‘Design for your learner’ has been a popular mantra in the L&D world and learner personas have been at the centre of this concept. By taking a leaf from marketing’s playbook and adopting personas to combat generalizations and stereotypes, user-centric learning has leaped to new levels. Organizations who have adopted this marketing-aligned method in creating personalized learning tend to see better learning engagement, improved learner responsibility and evolving growth mindsets in their employees. See our learner persona example below.
Observing learners’ behavior patterns and creating fitting learner personas give us a more in-depth perspective on unique learning needs that we can use in tailoring instruction to achieve proficiency in training. Demographics, education, employment and skill levels, online ‘watering holes’, goals and motivations are just some of the traits you need to consider in creating learner personas.
In order to put this topic into perspective, it is only fitting to provide a working learner persona example. We observed and collected data on call centre employees who were specialists in their roles. Using our detailed guide, we were able to create a representative learner persona example. We took these steps:
We collected relevant data about the employees through different means. We created it from qualitative means such as:
We also looked at quantitative data such as:
Through this quantitative and qualitative data gathering process, we also realized some of our information gaps that we hadn’t anticipated. It would have been great to listen on a coaching conversation to see what type of support they get from their manager, but this was not feasible, and the results would have been skewed. So instead we sought this information indirectly.
As an alternative, we talked with senior management to get a feel for the level of support these front-line employees received and why. In our case, their level of support was adequate because the team was still new and not operating at a frantic pace. Furthermore, the employees were hand-picked for this team as they had demonstrated track records of success. Through that senior management conversation, we also were able to grasp a sense of the employee’s overall challenges and learned things like how they deal with ambiguity in their role as many processes are not defined.
We then validated this information with second interviews with select employees. It would have been great if we had built these questions in from the start, as this would have avoided the re-work of asking employees further questions.
Next, we had a small internal team meeting with the two people who were present for the qualitative research and the other three people on the team who were not. We discussed, shared and aligned our findings and asked each other a lot of questions.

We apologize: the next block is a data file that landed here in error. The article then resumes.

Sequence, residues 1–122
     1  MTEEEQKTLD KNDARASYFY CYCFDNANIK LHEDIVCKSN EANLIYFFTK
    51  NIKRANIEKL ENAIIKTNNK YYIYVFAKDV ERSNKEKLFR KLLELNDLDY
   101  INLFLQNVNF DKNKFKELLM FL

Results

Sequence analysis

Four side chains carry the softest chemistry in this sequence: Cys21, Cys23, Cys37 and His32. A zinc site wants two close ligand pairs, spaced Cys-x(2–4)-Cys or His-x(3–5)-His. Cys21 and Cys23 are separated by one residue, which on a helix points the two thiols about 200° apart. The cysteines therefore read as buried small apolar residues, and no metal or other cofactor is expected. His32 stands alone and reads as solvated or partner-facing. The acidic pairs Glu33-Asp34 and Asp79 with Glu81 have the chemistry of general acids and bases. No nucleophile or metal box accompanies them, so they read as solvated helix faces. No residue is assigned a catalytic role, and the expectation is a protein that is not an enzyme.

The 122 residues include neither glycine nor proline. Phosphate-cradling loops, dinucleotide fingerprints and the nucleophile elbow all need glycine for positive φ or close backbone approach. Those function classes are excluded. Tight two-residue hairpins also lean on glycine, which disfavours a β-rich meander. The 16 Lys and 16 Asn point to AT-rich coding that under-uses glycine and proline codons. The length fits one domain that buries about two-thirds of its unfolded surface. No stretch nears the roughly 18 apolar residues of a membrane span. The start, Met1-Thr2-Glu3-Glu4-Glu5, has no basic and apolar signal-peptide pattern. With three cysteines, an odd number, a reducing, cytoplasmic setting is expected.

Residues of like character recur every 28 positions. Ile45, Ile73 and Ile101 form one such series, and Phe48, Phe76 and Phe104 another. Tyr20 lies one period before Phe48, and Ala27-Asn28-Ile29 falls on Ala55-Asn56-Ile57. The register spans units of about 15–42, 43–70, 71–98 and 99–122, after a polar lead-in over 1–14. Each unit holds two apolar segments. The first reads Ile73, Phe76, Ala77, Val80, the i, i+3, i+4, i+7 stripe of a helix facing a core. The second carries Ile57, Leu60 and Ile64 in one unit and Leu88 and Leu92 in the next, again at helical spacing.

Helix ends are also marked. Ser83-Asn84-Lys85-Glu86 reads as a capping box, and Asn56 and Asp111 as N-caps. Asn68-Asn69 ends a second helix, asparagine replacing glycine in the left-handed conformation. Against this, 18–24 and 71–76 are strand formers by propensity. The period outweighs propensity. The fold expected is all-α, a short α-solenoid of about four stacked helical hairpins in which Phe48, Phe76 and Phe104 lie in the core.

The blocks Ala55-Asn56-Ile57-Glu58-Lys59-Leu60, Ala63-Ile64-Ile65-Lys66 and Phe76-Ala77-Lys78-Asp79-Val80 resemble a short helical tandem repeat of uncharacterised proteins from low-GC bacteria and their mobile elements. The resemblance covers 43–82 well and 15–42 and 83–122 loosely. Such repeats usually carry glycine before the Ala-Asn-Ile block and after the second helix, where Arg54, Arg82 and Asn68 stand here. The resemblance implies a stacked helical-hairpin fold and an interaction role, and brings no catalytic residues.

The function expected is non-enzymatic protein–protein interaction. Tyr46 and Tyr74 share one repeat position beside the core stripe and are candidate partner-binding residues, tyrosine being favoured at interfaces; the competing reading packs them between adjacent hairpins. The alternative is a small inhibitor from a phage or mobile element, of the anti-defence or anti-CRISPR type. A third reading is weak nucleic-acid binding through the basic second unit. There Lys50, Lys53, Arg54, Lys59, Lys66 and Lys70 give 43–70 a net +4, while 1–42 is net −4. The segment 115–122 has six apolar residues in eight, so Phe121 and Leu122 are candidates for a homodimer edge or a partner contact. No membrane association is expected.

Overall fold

For our learner persona example, we used the learner persona templates to organize our insights and findings. We used judgement to fill in the gaps as we inevitably had incomplete information.
We then used the learner persona data and, through discussions and task division, we came up with a name for our learner, a photo, and a back-story. We divided our small team into two and one half searched for suitable images and a name and the other group created a story about the needs of the learner using a template similar to the one I have shared at conferences. We re-grouped and presented our findings, changing it based on our conversation.
After this messy iterative process of discussion and alignment, we came out with our learner “Aleeyah” who represented our savvy, skilled call centre specialist who was driven by her scorecard and a desire to get promoted. Keen to collaborate within the hours of her shift, but seeing training as a mandatory, antiquated form of learning and drudgery, we were able to bring her to life.
We used these insights to shape our learning solution (and other future learning solutions for this group). We ended up cutting a lot of the formal e-learning, which we originally had planned. Instead, we replaced it with easier-to-access e-books that had practical, application-focused activities. We also chose more peer activities, recommended updating the call centre’s SharePoint site for better process documentation and developed job aids for pinning up at their desks. These are elements that we wouldn’t have necessarily recommended before the learner persona activity. At every turn asking: ‘What would Aleeyah?’ think helped us make the training more relevant to the learners’ needs.
More than just having a picture of who you are designing for in mind, learner personas create a sense of understanding and empathy for the learner. The learner persona tool provides an opportunity for L&D teams to quickly share ideas and research to develop a backstory, such as Aleeyah’s, that is employed in every step of creating the training program. After seeing our learner persona example, it’s now your turn to try a learner persona and share back how it goes.